Bacterial Communities Produce Compounds for Scent Marking in Cats: Study

Smelly organic compounds from male cats are actually made not by the animals, but by bacteria living in their anal sacs, according to new research reported in the journal PLoS ONE.

Yamaguchi et al examined the fermentation hypothesis by characterizing volatile organic compounds and bacteria isolated from anal sac secretions of a male Bengal cat. Image credit: Gidon Pico.

Yamaguchi et al examined the fermentation hypothesis by characterizing volatile organic compounds and bacteria isolated from anal sac secretions of a male Bengal cat. Image credit: Gidon Pico.

Cats and many other mammals (dogs, bears, pandas, skunks and hyenas) use secretions from their anal sacs as a chemical language or a mean of defense.

“Cats use a lot of volatile chemicals for signaling, and they probably don’t make them all,” said Dr. David Coil, project scientist in the Genome Center at the University of California, Davis.

Dr. Coil’s team tested the so-called fermentation hypothesis — the idea that symbiotic bacteria living in association with cats contribute to odor profiles used in their chemical communication.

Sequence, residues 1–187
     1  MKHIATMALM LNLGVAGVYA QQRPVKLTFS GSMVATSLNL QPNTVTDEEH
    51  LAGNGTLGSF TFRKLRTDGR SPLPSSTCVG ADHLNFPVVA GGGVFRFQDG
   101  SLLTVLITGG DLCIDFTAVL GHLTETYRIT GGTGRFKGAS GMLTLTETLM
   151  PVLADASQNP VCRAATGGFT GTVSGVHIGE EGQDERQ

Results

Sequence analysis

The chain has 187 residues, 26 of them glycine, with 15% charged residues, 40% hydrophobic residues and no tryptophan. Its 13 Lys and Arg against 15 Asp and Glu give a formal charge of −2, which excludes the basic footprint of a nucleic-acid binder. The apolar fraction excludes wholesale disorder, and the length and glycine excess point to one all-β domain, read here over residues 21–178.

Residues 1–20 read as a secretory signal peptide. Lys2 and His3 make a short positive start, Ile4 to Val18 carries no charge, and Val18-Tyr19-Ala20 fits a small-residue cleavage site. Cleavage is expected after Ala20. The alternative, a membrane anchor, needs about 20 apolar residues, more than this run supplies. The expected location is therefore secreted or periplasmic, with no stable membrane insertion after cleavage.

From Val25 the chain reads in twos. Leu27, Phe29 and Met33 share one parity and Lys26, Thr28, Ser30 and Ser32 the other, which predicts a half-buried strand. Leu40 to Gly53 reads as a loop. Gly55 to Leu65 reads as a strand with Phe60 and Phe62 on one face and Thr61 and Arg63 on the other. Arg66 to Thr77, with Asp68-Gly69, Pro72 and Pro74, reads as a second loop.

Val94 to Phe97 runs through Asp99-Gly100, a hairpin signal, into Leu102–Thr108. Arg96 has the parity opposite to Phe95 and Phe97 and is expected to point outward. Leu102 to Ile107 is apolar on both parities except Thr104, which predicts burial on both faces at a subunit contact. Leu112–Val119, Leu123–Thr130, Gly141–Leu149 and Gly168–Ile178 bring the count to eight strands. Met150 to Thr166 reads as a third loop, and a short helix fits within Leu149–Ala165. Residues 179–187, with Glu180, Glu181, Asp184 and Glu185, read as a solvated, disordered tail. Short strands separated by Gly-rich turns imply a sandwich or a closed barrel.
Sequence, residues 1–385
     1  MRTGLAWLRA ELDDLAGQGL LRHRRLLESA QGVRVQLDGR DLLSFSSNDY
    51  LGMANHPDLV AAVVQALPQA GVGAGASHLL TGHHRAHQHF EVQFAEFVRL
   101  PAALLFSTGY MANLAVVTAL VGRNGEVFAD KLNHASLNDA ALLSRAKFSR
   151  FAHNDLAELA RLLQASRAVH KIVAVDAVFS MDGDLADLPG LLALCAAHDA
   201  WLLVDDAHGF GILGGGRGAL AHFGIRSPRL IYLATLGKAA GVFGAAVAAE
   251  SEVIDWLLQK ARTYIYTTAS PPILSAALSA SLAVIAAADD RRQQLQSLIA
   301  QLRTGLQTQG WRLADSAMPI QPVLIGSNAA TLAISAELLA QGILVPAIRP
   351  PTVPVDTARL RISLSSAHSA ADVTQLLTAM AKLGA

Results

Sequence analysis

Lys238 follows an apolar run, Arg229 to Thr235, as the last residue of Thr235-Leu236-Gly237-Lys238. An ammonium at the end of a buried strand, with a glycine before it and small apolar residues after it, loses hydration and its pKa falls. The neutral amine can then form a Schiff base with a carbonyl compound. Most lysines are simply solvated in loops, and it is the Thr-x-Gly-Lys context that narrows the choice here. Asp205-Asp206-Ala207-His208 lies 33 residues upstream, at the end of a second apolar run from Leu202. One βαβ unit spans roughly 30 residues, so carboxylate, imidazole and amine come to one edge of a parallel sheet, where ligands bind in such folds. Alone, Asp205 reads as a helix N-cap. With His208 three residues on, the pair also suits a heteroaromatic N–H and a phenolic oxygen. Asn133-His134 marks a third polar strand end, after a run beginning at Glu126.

For the study, the researchers obtained anal sac secretions from a male Bengal cat (Felis catus x Prionailurus bengalensis), a cross between the domestic cat and the leopard cat.

They extracted DNA for sequencing to identify types of bacteria, and also took samples for chemical odor analysis.

Three bacterial species — Bacteroides fragilis, Tessaracoccus, and Finegoldia magna — were abundant in the sequence data and also isolated by culturing.

The team identified 52 compounds from the Bengal cat anal sac secretions and 67 compounds from cultures of the three bacterial isolates.

Among 67 compounds identified from bacterial isolates, 51 were also found in the anal sac secretion.

“We show that the bacterial community in the anal sac consists primarily of only a few abundant species and that isolates of these species produce numerous compounds that are found in the combined anal sac profile,” Dr. Coil and colleagues said.

“Several of these compounds are found in anal sac secretions from other carnivorous mammals, and are also associated with known bacterial biosynthesis pathways.”

“This is consistent with the fermentation hypothesis and the possibility that the anal sac is maintained at least in part to house bacteria that produce volatiles for the host.”

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M.S. Yamaguchi et al. 2019. Bacteria isolated from Bengal cat (Felis catus x Prionailurus bengalensis) anal sac secretions produce volatile compounds potentially associated with animal signaling. PLoS ONE 14 (9): e0216846; doi: 10.1371/journal.pone.0216846

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